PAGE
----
To accomplish this, we have to make some assumptions: First, we have to assume that a $1 increase in tax rate or a tax loophole closure worth $1 actually will yield a $1 increase in tax revenue. Second, we have to assume that large increases in tax rates or big changes in tax policies regarding deductibility, etc., will not adversely affect economic output in general, thus hurting the economy and indirectly reducing tax revenues. Third, we have to assume that the amount of deficit that needs to be captured with new taxes will stay the same; that spending growth will somehow stop dramatically outpacing revenue growth once we've erased the deficit once and for all. Finally, let's assume that new tax revenue from corporations will be increased proportionally to account for their average annual federal tax share of 15 percent of the total (even though the United States already has the highest statutory corporate tax rate in the world); new individual income taxes will have to plug 85 percent of the deficit, or only $1.1 trillion in the first year.

So, what does a $1.1 trillion dollar tax increase look like in practice? One simple way to skin this cat is to look at the distribution of households by income bracket and then distribute across those brackets the new taxes that will be required to eliminate the deficit.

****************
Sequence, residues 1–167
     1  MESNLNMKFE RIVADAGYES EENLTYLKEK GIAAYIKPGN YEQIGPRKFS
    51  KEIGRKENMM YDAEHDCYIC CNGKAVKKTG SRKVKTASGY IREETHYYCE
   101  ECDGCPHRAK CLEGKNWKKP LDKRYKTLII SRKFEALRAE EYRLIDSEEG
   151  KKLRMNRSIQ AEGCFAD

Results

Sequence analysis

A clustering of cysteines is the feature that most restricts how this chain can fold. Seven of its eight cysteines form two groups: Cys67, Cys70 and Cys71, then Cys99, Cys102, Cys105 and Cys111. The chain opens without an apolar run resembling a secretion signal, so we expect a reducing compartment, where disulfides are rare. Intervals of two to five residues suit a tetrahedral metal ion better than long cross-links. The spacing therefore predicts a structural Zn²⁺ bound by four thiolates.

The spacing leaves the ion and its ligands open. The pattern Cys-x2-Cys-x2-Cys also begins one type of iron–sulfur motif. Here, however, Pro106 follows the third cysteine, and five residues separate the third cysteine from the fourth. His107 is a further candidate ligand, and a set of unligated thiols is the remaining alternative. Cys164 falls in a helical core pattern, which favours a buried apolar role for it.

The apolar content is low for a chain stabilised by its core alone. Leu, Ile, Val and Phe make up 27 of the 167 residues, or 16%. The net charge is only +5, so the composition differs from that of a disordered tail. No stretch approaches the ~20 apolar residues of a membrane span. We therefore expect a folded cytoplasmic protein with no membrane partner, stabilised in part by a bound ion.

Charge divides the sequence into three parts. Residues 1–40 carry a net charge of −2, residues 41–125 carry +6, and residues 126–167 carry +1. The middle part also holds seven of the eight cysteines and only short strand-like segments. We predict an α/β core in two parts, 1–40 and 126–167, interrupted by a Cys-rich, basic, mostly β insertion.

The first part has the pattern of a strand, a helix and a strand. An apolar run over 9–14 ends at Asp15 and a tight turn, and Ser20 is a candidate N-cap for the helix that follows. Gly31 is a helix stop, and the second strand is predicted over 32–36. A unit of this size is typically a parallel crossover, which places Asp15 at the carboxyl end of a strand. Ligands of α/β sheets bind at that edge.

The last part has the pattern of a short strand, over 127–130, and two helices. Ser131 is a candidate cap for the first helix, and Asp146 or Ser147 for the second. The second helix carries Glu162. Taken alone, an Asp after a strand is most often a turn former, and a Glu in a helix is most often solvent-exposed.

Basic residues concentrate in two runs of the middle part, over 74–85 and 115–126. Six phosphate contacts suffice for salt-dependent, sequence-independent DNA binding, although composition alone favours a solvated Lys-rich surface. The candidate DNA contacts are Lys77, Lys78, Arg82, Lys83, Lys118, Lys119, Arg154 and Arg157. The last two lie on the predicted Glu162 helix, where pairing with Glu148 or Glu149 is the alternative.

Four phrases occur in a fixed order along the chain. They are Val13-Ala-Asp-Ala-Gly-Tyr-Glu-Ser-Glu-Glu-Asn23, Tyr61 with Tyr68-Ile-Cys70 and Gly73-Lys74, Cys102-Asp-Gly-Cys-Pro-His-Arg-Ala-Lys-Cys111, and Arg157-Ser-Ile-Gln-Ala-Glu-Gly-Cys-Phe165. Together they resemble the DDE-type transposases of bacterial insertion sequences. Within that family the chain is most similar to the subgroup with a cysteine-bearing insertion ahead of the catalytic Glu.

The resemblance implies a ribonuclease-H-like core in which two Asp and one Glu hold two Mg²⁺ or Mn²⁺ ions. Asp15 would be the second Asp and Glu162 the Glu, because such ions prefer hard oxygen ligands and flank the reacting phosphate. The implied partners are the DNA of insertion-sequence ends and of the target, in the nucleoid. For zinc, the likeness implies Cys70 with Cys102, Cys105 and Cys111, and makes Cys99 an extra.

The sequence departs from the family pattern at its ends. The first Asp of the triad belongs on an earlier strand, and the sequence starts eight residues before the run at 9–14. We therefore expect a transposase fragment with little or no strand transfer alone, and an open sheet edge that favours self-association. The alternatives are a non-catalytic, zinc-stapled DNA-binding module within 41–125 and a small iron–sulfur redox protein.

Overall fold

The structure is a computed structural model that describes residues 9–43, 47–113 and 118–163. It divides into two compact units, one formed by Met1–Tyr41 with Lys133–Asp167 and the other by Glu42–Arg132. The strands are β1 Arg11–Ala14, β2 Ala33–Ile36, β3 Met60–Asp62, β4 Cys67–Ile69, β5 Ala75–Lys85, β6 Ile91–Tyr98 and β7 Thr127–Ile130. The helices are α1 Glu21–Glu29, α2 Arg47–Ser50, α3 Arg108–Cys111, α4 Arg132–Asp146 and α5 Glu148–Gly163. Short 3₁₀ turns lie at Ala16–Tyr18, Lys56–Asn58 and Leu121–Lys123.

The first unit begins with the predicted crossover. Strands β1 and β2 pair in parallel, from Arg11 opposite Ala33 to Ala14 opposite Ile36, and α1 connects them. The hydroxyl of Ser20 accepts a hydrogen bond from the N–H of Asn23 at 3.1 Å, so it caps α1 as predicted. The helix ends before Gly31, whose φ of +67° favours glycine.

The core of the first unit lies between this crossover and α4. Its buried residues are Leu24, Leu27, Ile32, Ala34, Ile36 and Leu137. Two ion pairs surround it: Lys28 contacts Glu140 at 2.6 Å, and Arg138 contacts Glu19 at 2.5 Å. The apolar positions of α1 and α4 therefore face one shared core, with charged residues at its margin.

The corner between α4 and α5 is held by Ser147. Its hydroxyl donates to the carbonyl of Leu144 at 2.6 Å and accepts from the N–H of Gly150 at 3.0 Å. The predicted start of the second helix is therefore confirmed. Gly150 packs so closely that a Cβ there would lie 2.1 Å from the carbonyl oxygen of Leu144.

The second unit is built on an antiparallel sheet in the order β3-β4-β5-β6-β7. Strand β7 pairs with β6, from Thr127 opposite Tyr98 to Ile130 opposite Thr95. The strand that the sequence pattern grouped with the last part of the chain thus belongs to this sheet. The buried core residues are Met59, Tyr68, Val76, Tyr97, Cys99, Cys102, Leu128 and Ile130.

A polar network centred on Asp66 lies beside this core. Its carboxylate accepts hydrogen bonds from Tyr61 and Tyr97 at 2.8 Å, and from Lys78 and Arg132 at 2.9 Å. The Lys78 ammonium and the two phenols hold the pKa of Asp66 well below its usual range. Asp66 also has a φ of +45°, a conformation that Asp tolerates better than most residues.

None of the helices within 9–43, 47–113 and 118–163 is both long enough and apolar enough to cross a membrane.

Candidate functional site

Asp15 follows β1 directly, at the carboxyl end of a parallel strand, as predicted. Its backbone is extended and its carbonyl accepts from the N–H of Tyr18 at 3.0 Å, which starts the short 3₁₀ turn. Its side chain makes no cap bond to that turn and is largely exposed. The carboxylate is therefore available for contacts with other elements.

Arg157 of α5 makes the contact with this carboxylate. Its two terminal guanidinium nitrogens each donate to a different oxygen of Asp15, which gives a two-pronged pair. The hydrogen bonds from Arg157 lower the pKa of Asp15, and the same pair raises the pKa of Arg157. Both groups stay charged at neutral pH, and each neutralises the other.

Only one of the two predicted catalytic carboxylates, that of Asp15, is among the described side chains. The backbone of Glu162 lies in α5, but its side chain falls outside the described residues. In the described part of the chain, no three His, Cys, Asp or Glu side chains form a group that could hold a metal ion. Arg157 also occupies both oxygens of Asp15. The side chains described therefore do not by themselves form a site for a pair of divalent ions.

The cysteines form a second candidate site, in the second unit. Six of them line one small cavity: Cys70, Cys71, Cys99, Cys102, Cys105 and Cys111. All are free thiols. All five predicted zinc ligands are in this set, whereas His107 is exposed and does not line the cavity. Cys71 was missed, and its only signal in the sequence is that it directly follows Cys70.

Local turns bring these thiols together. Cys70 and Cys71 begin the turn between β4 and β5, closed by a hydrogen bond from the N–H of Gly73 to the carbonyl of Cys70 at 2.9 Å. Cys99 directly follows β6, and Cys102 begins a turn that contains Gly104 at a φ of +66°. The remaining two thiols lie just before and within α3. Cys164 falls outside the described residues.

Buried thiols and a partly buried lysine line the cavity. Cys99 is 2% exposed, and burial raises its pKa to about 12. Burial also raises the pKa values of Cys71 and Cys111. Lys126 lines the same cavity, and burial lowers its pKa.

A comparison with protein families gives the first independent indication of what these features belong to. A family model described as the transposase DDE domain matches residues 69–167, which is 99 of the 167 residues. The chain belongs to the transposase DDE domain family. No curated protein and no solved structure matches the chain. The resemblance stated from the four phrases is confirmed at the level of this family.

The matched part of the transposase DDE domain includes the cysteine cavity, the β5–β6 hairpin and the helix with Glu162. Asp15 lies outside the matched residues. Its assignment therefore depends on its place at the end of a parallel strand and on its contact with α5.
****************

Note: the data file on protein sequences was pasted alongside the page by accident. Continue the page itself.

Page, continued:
For example we could eliminate the deficit "by getting millionaires and billionaires to pay a little bit more." There are approximately 250,000 households (less than 0.5 percent of all households) in America with annual incomes of $1 million or higher. Most of these households are near the bottom of this bracket and frequently move over and below the $1 million line over time. Be that as it may, asking them to eliminate the deficit would add $4.4 million in new annual taxes per household.

Okay, maybe we can't realistically erase the deficit by asking tens of thousands of Americans to pay (in new, incremental taxes) an amount that is quadruple their total income. But if we expand the definition of "millionaires and billionaires" to households with incomes over $200,000, we now have 4.2 percent of U.S. households to work with. If we reduce the new tax burden on the $1 million plus bucket to about $1 million, we get about a 23/77 percent split between the upper 0.2 percent and the next 4 percent of households. In this scenario, households in the $200,000-$1 million bracket will only have to pay $151,000 in new taxes. However, if we further reduce the new burden on the upper 0.2 percent to $500,000 per household (so they get to keep a few bucks every year to live on between their current and proposed incremental taxes), the additional per household tax bill on those making more than $200,000 goes up to ... just over $200,000.